ROME — Roman Catholic bishops accused of covering up or failing to prevent the sexual abuse of children by priests will now be subject to judgment and discipline by a new Vatican tribunal, according to a plan approved Wednesday by Pope Francis.

The decision is a measure that abuse victims have urged for years. The Church has judicial procedures for judging priests accused of abuse, but until now bishops accused of negligence or cover-ups were rarely held accountable by the Church itself.

The tribunal will also deal with the backlog of cases involving sexual abuse, “which are still very numerous,” a Vatican official said Wednesday.

The issue of accountability has been under discussion for some time, said the Vatican’s chief spokesman, the Rev. Federico Lombardi. “As you see, it didn’t remain on paper,” he said.

The Vatican announced Wednesday that the pope had approved a series of proposals advanced by the committee that advises him on sexual abuse.

The proposals set out the procedures for examining complaints of abuse of office by bishops. The complaints will be first investigated by the congregations that the bishops belong to, and then will be judged by the Congregation for the Doctrine of the Faith, which already reviews all cases of clergy accused of abusing minors.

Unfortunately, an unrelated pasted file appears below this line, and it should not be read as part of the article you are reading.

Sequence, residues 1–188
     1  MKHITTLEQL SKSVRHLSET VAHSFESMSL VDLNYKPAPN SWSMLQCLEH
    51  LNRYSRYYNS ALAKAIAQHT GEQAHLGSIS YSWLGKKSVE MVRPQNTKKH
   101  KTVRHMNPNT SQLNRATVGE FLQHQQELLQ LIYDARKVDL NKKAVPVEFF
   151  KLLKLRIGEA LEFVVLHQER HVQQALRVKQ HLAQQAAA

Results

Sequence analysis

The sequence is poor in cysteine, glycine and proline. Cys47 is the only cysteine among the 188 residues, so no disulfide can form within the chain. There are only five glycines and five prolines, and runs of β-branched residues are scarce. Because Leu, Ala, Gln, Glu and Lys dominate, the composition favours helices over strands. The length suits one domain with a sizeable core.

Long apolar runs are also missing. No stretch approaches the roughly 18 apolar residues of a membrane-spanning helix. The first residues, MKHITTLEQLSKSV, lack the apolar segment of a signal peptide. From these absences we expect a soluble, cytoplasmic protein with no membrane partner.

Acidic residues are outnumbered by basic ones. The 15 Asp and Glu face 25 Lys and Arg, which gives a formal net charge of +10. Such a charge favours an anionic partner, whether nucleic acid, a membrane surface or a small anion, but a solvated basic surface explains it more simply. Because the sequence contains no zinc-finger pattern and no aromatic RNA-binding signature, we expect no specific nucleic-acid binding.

A special new judicial section will be created within the Congregation for the Doctrine of the Faith “to judge bishops with regard to crimes of the abuse of office when connected to the abuse of minors,” a Vatican statement said. The pope will appoint a secretary to assist the prefect of the congregation with the tribunal and personnel will be hired, the Vatican said.

The announcement was made at the end of the 10th meeting of the Council of Cardinals, the group of high prelates that Francis created two years ago to advise him on a broad range of matters. The proposals were put to the council by Cardinal Sean P. O’Malley, the current archbishop of Boston, who is part of the advisory council and president of the sexual abuse advisory commission. The advisers approved the proposals, as did the pope, who “authorized that sufficient resources will be provided for this purpose,” the Vatican said in a statement.

The procedures were proposed by a commission that Francis appointed early in his papacy to examine “best practices” for dealing with sexual abuse and suggest reforms. The group, called the Pontifical Commission for the Protection of Minors, includes victims of abuse by priests.

Barbara Blaine, president of the Survivors Network of those Abused by Priests, a support and advocacy group for victims, said in a statement that she suspected that the new panel “won’t make a difference” because it relies on Church officials to judge other Church officials. She said that a more effective move would be for the Church to support the reform of secular laws to strengthen the prosecution of those responsible for abuse.